Storm Highway by Dan Robinson
Weather, photography and the open roadClick for an important message
Lightning Season in West Virginia

Week of April 14, 2002

By DAN ROBINSON
Editor/Photographer
Important Message
Dan's RSS/XML feed
Dan's YouTube Video Channel

Sunday, April 14, 2002
Small convective cells began developing across southwestern West Virginia in the early afternoon and started moving northeastward across the state.

At 3:00PM, an interesting cell developed just southwest of Charleston and moved over the city. The storm was producing cloud-to-ground lightning at a rate of one flash every 2 minutes, and was interesting to watch as the lightning danced around the visible column of falling rain (see animation at right).

Below: The Charleston storm, with falling rain shaft visible on the right, viewed from Spring Hill Cemetery.

Monday Morning, April 15, 2002
At right: A bright cloud-to-ground strike hits just off of Interstate 77 near Edens Fork Road at 2:30AM on Monday morning.

National Weather Service forecasts only called for a 40% chance of showers overnight on Sunday. But after a weak thunderstorm cell formed and dissipated a few miles south of town at 11:30PM, I decided to open my bedroom window so that any approaching storms overnight would wake me up.

Good move, because just after midnight, flashes and distant booms stirred me from sleep. A quick assessment of the skies from my backyard hilltop vantage point confirmed the situation - a line of big storms had developed to the west and was moving toward Charleston.

As I got in the truck to head to a setup spot, NWS weather radio noted that Kanawha County (my location) could expect "'Wake-up' thunderstorms with dangerous cloud-to-ground lightning and small hail, mainly north of Charleston". I headed north on I-77 and eventually made it into the middle of the cells.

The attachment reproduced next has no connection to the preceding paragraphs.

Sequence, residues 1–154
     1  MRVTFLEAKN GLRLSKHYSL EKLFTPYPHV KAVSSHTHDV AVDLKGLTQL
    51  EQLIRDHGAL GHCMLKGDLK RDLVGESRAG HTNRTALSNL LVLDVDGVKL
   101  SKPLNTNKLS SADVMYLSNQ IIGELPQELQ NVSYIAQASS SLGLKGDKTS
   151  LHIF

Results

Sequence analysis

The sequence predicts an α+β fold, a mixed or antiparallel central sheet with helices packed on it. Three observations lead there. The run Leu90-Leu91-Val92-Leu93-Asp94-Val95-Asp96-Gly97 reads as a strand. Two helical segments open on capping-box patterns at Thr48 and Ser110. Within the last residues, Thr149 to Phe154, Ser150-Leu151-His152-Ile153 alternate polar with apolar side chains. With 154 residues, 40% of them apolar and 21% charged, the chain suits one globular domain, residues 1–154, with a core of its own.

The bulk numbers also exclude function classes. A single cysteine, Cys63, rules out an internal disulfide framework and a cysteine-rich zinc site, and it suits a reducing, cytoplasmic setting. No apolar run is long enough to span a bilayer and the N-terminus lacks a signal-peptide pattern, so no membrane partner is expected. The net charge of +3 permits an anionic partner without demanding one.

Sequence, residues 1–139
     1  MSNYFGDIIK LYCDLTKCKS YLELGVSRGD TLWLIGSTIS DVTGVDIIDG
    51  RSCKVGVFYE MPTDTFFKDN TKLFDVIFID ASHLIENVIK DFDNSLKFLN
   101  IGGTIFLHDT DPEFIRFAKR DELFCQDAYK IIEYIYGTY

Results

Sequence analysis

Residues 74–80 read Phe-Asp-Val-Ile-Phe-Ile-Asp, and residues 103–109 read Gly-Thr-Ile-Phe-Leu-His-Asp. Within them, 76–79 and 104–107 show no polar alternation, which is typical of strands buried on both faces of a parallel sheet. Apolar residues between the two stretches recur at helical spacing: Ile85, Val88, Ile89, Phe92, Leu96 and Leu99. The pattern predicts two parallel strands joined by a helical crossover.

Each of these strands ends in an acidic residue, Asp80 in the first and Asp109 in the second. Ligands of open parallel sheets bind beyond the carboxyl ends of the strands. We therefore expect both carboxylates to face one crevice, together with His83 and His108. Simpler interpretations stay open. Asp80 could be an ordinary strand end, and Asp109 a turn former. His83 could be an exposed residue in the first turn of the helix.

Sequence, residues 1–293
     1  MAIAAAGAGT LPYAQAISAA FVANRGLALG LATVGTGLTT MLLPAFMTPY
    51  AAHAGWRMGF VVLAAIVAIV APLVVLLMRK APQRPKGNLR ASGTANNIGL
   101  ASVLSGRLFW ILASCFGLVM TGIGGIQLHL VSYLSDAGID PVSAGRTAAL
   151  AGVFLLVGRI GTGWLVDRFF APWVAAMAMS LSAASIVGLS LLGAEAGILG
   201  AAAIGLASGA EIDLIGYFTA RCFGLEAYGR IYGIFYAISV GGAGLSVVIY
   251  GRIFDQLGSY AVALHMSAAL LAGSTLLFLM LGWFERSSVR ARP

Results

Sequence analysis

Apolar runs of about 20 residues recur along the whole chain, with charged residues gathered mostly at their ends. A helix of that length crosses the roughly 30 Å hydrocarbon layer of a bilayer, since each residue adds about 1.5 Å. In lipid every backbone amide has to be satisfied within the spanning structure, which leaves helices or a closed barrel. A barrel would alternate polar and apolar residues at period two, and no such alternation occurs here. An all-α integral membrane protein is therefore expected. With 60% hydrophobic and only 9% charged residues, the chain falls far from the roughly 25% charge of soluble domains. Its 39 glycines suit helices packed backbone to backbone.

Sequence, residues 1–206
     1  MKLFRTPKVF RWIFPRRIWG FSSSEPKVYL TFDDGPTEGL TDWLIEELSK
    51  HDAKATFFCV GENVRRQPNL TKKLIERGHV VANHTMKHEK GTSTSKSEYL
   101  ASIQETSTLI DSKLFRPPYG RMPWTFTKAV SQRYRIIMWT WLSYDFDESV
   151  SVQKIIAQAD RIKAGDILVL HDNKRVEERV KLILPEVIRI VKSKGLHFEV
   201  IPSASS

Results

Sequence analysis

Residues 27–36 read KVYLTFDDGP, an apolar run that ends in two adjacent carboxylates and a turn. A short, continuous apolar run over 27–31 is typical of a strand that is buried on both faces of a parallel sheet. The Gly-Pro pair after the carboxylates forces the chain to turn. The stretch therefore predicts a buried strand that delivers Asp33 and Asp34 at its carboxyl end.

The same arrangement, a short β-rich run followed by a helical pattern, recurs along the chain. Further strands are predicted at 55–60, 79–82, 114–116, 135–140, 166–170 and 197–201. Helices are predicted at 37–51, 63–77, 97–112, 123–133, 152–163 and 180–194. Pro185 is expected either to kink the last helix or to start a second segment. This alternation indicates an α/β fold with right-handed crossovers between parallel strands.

And cloud-to-ground lightning there was! Tons of it, frequent, powerful and close, one strike hitting several hundred feet to the west of the Interstate with an instantaneous, earsplitting crack. A few pelts of pea-sized hail hit my winshield near Pocatalico. Bright, beautiful lightning strikes everywhere, but all of it in the middle of this heavy downpour of rain. Because of the whiteout of rain, I never was able to set up the camera.

Eventually I decided to try catching some of the action with the digital camera as I headed back south. I missed about 10 good strikes, but ended up catching one fairly close CG next to the Interstate near the I-77/I-79 interchange north of Charleston (above right).

Soon, the cells were moving on to the northwest but still putting on an anvil crawler show, so I drove north on I-79 to Amma to try to catch up to the line again. But the storms proved too fast for me, and I turned around - making it home around 4:00AM.

Monday, April 15, 2002
A line of Cumulus Congestus cells was already forming at 9:00AM this morning, a testament to the unstable air in the region. This view is looking west on I-64 near Cross Lanes:

< Back

25 Years of Storm Observing
Important Message
Dan's RSS/XML feed
Dan's YouTube Video Channel

This web site is made possible by support from CIS Internet.
CIS Results-Oriented Internet Marketing

GO: Home | Weather Observing | Photography | Extreme Weather Library | Stock Footage | Blog

Featured Weather Library Article:

Lightning myths
Take a look at these common lightning myths. You might be surprised!
More Library Articles

All content © Dan Robinson. All usage requires a paid license - please contact Dan for inquiries.

Web Site Design and Internet Marketing by CIS Internet